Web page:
Sadly, but unavoidably, both performances are accompanied by surtitles of Beckett’s English text (a contractual necessity), so anyone whose French or Yiddish has turned rusty might have lost the nuances – of which there are a multitude. I pay special attention to Didi and Gogo’s battle of insults, which ends, witheringly, with the trump card, “Crritic”, yet doesn’t feature at all in the French version (perhaps because it was written before Beckett’s first experience with theatre reviews). In Baker’s careful and allusive text, it appears as a specific reference to the most pedantic of Talmudic researchers. It may be a play – to use Vivian Mercier’s ceaselessly burnished synopsis – in which nothing happens twice, but it can still happen with infinite variation.

A shortage of performance venues has encouraged Happy Days to seek novel alternatives, which accounts for some of the more pleasing idiosyncrasies of the programme. Boarding a boat at 7am, and looking through tear-streaked windows on to a placid grey Lough Erne, audiences for the Purgatorio island readings of Beckett's prose are aware that they are making a self-mortifying pilgrimage. Reaching Tully Castle, two hours later, to hear Ian McElhinney read from Texts For Nothing in the bowels of the ruins, against the eerie sounds of dripping rainwater and grumbling stomachs, makes for a suitably austere and contemplative experience. "How are the intervals filled between these apparitions?" he begins. "Ah to know for sure, to know that this thing has no end, this thing, this thing, this farrago of silence and words . . . " Does it cheapen Beckett that we so often describe the work of his many emulators as Beckettian? They seem to trace the edge of the void in tumbling words and silence, bites of levity and gravity, whereas his messages emanate right from the depths.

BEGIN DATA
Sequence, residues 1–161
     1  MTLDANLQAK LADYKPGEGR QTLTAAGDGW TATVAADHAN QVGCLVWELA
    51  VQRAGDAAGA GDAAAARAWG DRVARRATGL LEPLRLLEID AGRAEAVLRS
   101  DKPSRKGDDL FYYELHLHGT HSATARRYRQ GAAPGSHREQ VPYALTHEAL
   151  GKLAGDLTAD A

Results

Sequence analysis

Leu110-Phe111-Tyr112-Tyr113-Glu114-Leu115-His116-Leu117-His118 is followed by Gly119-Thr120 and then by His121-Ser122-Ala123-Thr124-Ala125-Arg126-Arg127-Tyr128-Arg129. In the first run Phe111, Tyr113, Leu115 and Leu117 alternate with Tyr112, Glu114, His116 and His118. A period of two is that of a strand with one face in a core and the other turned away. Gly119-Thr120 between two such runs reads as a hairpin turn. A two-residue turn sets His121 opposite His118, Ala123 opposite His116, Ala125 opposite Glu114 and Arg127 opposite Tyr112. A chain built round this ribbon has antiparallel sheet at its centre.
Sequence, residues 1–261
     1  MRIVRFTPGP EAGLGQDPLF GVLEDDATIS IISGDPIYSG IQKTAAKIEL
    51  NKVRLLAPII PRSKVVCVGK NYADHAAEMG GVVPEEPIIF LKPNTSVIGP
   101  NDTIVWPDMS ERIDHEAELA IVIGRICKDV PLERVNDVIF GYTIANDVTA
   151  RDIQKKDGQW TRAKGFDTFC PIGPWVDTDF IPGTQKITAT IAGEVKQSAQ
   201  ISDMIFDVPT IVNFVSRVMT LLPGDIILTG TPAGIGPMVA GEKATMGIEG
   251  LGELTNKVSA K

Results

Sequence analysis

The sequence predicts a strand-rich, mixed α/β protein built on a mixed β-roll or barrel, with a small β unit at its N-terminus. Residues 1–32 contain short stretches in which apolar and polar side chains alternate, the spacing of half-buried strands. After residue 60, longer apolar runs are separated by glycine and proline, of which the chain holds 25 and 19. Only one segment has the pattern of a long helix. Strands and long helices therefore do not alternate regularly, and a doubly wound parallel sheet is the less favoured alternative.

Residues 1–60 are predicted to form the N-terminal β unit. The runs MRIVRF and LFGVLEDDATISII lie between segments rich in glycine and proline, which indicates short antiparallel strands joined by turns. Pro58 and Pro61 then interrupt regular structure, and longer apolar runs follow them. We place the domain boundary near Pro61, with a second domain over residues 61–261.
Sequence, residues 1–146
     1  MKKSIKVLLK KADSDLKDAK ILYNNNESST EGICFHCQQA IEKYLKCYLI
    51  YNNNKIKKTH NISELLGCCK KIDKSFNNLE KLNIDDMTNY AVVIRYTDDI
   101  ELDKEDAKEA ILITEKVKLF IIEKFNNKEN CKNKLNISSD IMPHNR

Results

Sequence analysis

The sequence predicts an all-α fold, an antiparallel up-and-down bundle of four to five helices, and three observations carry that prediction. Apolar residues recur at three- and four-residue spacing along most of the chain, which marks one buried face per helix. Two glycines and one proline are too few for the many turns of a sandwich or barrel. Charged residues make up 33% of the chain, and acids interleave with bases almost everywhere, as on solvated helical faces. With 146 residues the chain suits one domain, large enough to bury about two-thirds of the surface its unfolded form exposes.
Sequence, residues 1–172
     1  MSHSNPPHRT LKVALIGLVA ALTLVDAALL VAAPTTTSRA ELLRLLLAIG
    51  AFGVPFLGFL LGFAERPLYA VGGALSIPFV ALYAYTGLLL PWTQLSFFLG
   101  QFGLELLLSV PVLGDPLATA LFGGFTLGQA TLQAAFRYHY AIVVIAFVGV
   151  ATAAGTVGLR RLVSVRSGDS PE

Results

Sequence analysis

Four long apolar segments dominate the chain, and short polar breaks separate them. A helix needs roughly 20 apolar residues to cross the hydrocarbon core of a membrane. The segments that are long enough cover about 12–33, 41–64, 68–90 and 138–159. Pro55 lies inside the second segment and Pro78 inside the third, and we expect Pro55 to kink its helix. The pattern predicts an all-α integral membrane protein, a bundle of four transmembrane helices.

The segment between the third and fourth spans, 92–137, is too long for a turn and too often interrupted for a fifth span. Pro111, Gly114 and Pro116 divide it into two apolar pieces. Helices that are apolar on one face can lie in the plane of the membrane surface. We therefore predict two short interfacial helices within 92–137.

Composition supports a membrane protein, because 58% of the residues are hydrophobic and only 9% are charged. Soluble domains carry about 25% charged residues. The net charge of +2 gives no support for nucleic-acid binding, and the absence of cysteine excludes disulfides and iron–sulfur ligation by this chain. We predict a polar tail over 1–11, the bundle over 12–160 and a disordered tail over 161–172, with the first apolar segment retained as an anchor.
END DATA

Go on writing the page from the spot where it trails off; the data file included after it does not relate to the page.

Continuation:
Places of worship

In giving Beckett fans a destination, artistic director

Sean Doran

has also formed congregations of worshippers. This might be why so many events take place in churches, the most curious of which is at a secret location for a staging of


. Beckett’s late short, here directed by

Adrian Dunbar

, was written for the then imprisoned

Vaclav Havel

. Although you can find politics in everything, they are most easily decoded here, as a tyrannical director (Frank McCusker) affiliated with a governing Party (“Step on it, I have a caucus”) manipulates a haggard performer, and, by extension, the audience. (The programme shores up this politicised Beckett with talks by the BBC’s

John Simpson

and the Marxist critic and theorist

Terry Eagleton

. )


, the first of the festival’s self-produced Beckett stagings, is twice delayed on my viewing, first by a box-office snafu and then a broken power generator, yet these are 10 resonant minutes worth waiting for.

In an electronic recital of Stockhausen's Gesang der Junglinge at St Michael's Church, and elegiac chamber pieces from Gavin Bryars in the Presbyterian Church and St Macartin's Cathedral, the awesome acoustics of places of reverence provide for satisfyingly meditative experiences, and within them you may be tempted to search for Beckett everywhere: in the wry perseverance and solidarity of organisers and audience; in the severe faces of concentration among the young and old; in every disquieting revelation or contentedly cheap gag in his work. It's oddly, endlessly consoling. "I can't go on like this," says Estragon, in every language, when things seem most unbearable. "That's what you think," says Vladimir, each and every time.

The Happy Days Enniskillen International Beckett Festival continues until August 10.